This course is scheduled in Michaelmas and Hilary term.

 

Electron Cryo Microscopy in Structural Biology

This course is designed to introduce the principles of the microscope and preparation of cryo and negative staining samples, image formation and image processing, reconstructing 3D density maps from 2D images, fitting and building atomic models and understanding cryo-EM literature.

This course is scheduled in Michaelmas term.

 

Experimental Design: the good, the bad and the ugly

This course addresses some of the fundamental issues underpinning designing good experiments (focusing on pre-clinical experiments exclusively), the bedrock of reproducible science. Arguably, all good experiments start with a good experimental design. Experimental design in the Biomedical Sciences is mostly about logic, common sense and the systematic application of relatively simple techniques to produce unbiased experimental results and reduce variation. This is good news because this should be relatively straightforward. Yet this is where the biggest blunders continue to be made, including by experienced biologists, with demonstrably expensive consequences on results. The course will deal with those concepts, their links with statistical analyses generally and some of the traps that we have all fallen into. We will also address statistical issues relevant to animal research depending on the composition of the audience, in a session where the words “enjoyment” and “statistics” can hopefully share the same sentence.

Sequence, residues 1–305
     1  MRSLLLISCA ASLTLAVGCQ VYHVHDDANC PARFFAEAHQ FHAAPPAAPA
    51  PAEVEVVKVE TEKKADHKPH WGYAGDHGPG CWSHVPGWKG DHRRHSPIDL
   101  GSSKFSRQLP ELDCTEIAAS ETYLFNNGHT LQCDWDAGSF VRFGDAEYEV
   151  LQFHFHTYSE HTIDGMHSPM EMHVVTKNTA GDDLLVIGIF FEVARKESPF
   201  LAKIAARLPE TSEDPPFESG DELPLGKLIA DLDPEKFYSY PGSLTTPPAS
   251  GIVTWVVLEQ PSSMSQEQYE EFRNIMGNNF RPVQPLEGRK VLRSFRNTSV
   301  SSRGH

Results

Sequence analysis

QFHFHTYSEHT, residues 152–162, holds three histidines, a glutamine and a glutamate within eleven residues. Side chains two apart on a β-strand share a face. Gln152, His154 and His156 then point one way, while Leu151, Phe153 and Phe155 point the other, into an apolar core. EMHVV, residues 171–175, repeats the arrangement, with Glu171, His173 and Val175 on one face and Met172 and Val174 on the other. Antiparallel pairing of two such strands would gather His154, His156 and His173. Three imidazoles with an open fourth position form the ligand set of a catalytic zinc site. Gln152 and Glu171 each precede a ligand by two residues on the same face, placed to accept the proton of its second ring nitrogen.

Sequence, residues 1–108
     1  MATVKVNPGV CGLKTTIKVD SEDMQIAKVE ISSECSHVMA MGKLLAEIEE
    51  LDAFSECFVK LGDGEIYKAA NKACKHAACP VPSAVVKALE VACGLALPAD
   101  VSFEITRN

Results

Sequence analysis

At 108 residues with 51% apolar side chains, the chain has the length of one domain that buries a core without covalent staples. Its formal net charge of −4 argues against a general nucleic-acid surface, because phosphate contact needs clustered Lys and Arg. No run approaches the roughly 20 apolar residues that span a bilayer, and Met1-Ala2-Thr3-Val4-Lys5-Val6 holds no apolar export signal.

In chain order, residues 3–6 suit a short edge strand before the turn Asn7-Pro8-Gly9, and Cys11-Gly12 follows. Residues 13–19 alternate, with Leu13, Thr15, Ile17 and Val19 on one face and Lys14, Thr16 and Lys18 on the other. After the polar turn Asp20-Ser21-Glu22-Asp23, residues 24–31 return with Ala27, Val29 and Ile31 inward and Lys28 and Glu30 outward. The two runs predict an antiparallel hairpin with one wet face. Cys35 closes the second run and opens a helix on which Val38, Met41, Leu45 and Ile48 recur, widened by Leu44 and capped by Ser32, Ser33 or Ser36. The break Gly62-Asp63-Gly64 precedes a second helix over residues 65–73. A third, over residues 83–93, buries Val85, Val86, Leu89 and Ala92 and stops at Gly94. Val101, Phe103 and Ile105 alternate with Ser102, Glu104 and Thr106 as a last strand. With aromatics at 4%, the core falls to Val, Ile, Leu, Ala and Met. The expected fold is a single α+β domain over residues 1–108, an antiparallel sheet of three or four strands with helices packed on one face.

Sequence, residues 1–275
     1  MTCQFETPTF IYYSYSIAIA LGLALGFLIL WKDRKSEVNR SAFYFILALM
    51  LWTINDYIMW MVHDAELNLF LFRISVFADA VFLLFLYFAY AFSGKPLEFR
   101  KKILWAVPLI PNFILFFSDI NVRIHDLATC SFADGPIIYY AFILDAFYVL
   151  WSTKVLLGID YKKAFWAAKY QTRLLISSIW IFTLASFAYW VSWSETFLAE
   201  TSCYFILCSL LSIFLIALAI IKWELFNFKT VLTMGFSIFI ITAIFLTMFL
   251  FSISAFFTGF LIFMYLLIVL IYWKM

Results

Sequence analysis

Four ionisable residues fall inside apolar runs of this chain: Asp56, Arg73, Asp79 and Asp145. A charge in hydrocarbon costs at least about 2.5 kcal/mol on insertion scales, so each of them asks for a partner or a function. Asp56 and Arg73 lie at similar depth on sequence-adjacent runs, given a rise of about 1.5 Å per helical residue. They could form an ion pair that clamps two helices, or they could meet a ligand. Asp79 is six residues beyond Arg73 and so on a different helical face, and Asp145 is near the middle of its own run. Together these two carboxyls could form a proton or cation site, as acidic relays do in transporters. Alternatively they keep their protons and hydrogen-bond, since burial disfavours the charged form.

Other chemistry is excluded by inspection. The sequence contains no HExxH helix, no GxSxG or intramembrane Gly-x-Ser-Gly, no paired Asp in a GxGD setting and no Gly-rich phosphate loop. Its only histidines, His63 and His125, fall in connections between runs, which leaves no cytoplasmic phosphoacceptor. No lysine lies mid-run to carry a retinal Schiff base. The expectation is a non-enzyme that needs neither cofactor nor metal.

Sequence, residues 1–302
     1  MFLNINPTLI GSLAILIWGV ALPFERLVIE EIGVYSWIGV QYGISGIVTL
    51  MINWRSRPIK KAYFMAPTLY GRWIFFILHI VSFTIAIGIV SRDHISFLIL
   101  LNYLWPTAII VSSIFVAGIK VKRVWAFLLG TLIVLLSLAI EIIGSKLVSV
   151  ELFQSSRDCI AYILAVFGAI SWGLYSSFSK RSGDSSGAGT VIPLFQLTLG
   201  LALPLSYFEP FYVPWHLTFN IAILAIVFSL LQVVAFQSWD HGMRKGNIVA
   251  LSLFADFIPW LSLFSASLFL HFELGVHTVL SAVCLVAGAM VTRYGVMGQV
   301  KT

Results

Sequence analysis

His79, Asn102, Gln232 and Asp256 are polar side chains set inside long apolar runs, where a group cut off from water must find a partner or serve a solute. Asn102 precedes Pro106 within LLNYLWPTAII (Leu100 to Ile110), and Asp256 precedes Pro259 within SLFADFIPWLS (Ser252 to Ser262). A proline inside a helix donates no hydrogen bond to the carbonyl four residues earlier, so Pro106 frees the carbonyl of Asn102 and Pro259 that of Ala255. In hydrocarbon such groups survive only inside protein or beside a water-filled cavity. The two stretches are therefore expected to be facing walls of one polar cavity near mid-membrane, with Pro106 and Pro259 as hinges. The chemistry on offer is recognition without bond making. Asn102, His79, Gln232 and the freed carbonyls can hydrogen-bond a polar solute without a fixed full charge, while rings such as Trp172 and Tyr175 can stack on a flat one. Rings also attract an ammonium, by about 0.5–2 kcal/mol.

This course is scheduled each term.

 

Introduction to Research Ethics

This course encourages participants to articulate and reflect on the ethical concerns faced by researchers. Participants will leave with a general grasp of the kinds of reasoning that is involved in the ethical consideration of research involving human beings. Although it is not the primary focus of the session, there will be some discussion of the structures and procedures in place in the University and the NHS for the scrutiny of research. Researchers carrying out research involving humans are encouraged to attend one of these introductory sessions.

This course is scheduled each term.

 

Introduction to Statistics

This course provides researchers with a basic introduction to statistics, to ensure an understanding of the concepts of statistics that form the basis of computer statistics software, offering a stepping stone to attending more advanced statistics courses.

This course is scheduled in Michaelmas and Hilary term.

 

Large Group & Lecturing

This two-day programme is one of our most highly rated courses and looks at how to become a good lecturer and teacher. During the course you will find out how to ensure that your lecturing and teaching is engaging, effective and enjoyable for both you and your students. You will also find out how to develop critical thinking and how to develop a more natural and creative lecturing and teaching style.

This course is scheduled each term.

 

Managing Your Supervisor

The seminar helps students to understand the role of their supervisors, how to manage expectations, how to overcome any problems and get the most from their supervision.

This course is scheduled each term.

 

Micron Advanced Microscopy

The Micron Advanced Microscopy Course is for researchers and students to gain both theoretical and practical understanding of how bright field and fluorescence microscopes should be used. The course introduces core principles of bright field and fluorescence microscopy, and moves onto biological applications of imaging approaches and introduces super-resolution techniques.

This course is scheduled in Hilary term.

 

How and why to undertake a systematic review

This workshop outlines the key principles of how to perform a systematic review and the basic principles of meta-analysis.

This course is scheduled in Trinity term.

 

Hugh Kearns